Immigration and Virginia’s election

7 years ago by in 2011, Uncategorized Tagged: , , , , ,

Walter Tejada

If Virginia Republicans take over the state Senate on Tuesday, the state’s immigrant community would be in trouble.

 

 

 

 

That’s what Arlington County Supervisor Walter Tejada, a Democrat who is seeking re-election this year, told me last week.

Currently Republicans control the House of Delegates 59-39. Democrats hold 22 of the 40 state Senate seats.

If Republicans were to gain two seats in Tuesday’s election to tie 20-20, they would win control of the Legislature because they would have the tie-breaking vote of Lt. Gov. Bill Bolling, a Republican.

If that happens, Tejada said, Virginia could in the next legislative session follow Alabama and Arizona’s footsteps in approving strict immigration enforcement laws.

Since 9/11 the Old Dominion has taken a tough approach against illegal immigration.  It was among the first states enacting tougher rules for illegal immigrants to obtain a driver’s license.

Gov. Bob McDonnell a year ago, right after his election, requested the federal government to give state troopers authority to act as immigration and customs officers. His request is still pending, but McDonnell has said he is disappointed he has not heard a response to his petition from the Department of Homeland Security.

In the past few years, the divided Legislature—Democrats control the Senate and Republicans control the House— has considered strict anti-illegal immigration measures.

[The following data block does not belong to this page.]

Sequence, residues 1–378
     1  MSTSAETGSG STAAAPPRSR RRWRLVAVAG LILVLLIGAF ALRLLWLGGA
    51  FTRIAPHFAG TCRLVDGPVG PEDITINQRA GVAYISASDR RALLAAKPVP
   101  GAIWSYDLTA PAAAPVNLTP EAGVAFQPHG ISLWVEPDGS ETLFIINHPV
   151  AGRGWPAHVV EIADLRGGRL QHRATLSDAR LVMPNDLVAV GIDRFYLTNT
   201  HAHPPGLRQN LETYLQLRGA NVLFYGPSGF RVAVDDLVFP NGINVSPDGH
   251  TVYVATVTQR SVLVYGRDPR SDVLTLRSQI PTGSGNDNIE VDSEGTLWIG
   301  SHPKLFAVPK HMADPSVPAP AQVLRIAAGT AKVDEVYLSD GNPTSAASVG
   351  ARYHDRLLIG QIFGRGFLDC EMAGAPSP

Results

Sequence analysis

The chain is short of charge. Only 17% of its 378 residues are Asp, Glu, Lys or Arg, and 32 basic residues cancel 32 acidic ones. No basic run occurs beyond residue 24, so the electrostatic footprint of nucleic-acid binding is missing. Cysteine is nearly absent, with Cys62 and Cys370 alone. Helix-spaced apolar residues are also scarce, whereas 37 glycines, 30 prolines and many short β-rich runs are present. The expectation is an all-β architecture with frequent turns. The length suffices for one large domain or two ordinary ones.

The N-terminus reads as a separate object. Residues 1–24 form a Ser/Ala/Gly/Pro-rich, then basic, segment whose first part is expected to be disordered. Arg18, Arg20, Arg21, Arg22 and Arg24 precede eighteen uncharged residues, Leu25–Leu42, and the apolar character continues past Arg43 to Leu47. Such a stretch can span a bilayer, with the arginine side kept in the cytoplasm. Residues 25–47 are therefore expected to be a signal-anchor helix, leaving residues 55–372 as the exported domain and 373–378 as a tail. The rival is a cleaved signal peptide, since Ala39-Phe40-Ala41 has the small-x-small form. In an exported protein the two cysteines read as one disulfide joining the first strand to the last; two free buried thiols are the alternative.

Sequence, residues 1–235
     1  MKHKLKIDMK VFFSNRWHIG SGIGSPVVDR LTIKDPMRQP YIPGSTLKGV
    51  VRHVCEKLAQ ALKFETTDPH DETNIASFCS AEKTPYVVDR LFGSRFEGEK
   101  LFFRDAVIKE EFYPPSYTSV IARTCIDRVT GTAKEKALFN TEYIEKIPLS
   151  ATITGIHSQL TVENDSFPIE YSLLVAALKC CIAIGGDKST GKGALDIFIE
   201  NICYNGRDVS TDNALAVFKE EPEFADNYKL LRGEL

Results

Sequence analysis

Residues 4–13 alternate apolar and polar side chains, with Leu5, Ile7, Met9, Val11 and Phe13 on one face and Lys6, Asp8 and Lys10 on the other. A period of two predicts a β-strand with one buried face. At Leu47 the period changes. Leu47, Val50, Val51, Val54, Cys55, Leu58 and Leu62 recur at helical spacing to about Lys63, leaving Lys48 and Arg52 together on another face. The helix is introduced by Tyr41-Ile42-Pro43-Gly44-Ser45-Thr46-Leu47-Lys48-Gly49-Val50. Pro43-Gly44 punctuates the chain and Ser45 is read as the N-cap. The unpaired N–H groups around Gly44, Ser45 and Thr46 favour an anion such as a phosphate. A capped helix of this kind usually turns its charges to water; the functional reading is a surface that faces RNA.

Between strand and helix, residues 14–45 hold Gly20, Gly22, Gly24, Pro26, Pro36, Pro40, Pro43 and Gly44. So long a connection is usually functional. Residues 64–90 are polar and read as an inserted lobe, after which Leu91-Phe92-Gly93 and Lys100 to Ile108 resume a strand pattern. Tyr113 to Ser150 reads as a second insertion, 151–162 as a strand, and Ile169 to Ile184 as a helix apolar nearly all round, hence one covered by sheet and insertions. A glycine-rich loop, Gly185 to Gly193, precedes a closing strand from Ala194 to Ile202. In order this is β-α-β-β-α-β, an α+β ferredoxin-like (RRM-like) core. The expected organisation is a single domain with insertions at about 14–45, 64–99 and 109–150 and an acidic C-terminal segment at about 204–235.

This year, legislation similar to one recently enacted in Alabama that led to thousands of immigrants to flee the state was approved in the Virginia House of Delegates. But the proposal was killed in the state Senate. The plan gave local police authority to act as immigration agents.  Another proposal aimed to deny illegal immigrants access to state colleges and universities.

The measures, backed by conservative Republicans, have been introduced in consecutive Legislatures and have failed to pass by small margins, often along party lines and after persistent lobbying from immigrant advocates.

Tejada, the first Latino elected to office beyond school board in Northern Virginia, said a Republican dominated legislature combined with a Republican in the executive mansion, would open door to such tough laws.  That, he said, would alienate the immigrant community of Virginia.

Virginia’s position on illegal immigration in the past decade could have already led to an exodus of illegal immigrants. A study released by the Pew Hispanic Center last yearindicated Virginia saw its number of undocumented immigrants shrink from 2008 to 2009, declining by 65,000 to 240,000 people.

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